No free lunch for docs: Sponsored meals linked to more prescriptions

There ain't no such thing as a free lunch, as the adage goes, and new research suggests that it rings true for physicians.

Doctors who received industry-sponsored meals — which cost an average of less than $20 — were found to prescribe the promoted, brand-name drug at a higher rate than those who did not, according to a new analysis of Open Payments and Medicare Part D data published in JAMA Internal Medicine. The researchers noted that they found an association between meals and the higher rate of prescribing — not a direct cause-and-effect relationship.

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During these meals, drugmakers present information about their medications to attendees. Industry meals comprise 80% of the total number of payments made by drug and devicemakers to physicians.

The study took a look at at almost 280,000 doctors and 63,500 payments. The analysis uncovered that doctors who received industry payments were 18% more likely to prescribe cholesterol-lowering drug Crestor, 70% more likely to prescribe beta-blocker medicine Bystolic, and 52% more likely to dole out hypertension treatment Benicar.

Researchers also found that the more meals doctors received, the more likely they were to prescribe promoted treatments. Physicians who received industry payments in the analysis were most likely to be male, solo practitioners and work in the South.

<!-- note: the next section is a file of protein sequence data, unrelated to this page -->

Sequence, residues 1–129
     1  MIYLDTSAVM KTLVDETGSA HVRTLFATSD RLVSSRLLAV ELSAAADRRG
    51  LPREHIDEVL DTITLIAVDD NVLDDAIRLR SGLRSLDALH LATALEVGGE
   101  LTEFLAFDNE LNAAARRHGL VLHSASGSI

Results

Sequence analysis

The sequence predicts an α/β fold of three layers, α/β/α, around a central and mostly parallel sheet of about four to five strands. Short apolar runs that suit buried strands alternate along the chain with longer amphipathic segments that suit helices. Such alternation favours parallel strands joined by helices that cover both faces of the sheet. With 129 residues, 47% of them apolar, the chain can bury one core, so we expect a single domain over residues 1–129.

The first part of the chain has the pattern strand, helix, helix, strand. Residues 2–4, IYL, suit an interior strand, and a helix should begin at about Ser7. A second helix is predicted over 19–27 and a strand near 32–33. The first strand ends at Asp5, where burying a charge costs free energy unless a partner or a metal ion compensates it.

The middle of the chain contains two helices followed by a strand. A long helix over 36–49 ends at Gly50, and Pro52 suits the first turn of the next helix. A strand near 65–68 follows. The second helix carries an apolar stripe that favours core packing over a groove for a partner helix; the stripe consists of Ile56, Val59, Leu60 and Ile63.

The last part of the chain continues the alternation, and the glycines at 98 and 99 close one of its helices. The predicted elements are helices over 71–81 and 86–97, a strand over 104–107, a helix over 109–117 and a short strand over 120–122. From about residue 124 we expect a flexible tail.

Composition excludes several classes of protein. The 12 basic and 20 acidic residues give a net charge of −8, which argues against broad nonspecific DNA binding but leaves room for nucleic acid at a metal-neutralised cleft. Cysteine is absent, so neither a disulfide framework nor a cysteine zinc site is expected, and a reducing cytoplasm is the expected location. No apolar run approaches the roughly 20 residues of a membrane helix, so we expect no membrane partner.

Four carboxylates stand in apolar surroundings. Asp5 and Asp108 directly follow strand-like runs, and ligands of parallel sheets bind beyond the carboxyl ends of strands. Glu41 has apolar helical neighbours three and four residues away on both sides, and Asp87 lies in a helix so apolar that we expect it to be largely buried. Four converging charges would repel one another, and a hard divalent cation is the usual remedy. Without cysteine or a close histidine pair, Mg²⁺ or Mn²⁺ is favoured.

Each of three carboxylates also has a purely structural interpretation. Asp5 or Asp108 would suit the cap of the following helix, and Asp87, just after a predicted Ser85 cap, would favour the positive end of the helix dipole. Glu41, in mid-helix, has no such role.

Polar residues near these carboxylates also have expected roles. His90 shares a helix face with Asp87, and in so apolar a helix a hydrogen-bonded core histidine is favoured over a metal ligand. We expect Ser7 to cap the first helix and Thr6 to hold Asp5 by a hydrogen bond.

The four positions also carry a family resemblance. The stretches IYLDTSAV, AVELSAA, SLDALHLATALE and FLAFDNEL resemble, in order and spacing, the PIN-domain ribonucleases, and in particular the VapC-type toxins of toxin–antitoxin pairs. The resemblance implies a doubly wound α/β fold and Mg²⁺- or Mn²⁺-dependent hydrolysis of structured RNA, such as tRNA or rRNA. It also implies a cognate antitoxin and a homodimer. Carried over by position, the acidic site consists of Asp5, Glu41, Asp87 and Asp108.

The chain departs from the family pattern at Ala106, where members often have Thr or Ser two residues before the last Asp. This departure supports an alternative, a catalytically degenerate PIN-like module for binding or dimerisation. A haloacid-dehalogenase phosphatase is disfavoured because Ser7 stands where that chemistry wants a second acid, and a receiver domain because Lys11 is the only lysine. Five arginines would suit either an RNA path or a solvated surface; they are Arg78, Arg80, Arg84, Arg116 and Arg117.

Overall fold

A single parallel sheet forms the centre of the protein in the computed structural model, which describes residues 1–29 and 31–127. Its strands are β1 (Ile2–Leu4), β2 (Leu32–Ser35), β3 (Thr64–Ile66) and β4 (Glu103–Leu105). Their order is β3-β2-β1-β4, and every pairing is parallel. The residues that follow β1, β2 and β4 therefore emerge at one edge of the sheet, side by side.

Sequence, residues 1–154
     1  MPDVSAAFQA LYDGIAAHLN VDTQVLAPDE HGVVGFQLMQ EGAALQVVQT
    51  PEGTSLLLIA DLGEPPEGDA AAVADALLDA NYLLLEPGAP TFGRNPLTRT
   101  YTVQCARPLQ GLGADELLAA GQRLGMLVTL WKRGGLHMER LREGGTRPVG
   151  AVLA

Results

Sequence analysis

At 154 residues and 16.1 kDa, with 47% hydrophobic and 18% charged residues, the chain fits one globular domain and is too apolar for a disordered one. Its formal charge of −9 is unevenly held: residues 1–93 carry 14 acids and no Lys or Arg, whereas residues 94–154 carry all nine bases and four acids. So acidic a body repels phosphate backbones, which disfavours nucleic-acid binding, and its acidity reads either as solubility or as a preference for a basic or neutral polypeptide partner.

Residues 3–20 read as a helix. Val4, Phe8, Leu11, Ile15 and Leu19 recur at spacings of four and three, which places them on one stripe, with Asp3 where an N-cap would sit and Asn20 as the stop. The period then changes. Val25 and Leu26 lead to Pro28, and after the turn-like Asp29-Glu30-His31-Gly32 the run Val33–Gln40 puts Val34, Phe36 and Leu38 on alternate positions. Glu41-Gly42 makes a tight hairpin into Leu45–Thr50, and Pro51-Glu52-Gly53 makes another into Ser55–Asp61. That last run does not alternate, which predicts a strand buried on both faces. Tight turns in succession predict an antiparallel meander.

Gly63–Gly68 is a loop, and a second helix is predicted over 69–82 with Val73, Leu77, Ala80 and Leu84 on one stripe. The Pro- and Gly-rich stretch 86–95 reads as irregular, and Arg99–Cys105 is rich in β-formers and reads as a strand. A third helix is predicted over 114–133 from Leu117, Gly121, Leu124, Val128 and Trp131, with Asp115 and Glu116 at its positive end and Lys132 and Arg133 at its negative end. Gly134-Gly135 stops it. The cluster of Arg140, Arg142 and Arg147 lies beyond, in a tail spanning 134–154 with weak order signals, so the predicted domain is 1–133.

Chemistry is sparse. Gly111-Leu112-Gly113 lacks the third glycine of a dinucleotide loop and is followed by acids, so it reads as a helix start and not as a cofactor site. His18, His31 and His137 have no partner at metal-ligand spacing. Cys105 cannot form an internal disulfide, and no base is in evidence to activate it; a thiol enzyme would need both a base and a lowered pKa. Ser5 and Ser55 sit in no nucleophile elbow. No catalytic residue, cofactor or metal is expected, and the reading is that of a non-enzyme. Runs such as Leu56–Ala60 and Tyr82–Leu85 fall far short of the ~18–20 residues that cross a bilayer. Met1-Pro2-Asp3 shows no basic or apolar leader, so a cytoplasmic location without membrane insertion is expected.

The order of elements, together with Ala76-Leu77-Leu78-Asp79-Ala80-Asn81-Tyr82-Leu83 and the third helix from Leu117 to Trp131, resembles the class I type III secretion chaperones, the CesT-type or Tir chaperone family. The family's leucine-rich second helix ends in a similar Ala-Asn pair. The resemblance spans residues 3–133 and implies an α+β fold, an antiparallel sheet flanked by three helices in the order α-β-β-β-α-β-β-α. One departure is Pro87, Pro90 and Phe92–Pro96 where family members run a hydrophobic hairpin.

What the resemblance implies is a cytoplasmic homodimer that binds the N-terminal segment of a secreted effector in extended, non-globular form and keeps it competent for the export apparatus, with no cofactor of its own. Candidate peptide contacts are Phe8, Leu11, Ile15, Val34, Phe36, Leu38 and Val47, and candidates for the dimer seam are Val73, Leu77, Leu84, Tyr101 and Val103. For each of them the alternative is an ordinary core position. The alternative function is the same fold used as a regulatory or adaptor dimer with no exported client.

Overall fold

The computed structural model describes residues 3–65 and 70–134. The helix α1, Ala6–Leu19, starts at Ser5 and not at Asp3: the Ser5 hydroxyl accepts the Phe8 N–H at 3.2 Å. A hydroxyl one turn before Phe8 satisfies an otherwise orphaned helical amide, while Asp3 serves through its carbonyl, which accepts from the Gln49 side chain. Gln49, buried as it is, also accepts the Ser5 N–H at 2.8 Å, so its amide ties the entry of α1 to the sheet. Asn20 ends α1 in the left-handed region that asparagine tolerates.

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John Kamp, executive director of the Coalition for Healthcare Communications, downplayed the findings, noting that, “Information is power. The more information prescribers obtain, the more they are likely to use a drug safety and effectively. Dinner regulations are regulated by the FDA to ensure that the information is consistent...The fact that doctors have dinner as a part of the process does not change the facts of the presentation.”

Holly Campbell, a spokesperson for the industry-lobbying group PhRMA, said in an email that the study lacks clear evidence that meals influence new prescriptions. “This study cherry-picks physician prescribing data for a subset of medicines to advance a false narrative. Physician prescribing patterns are dynamic and based on individual patients' needs,” she noted.


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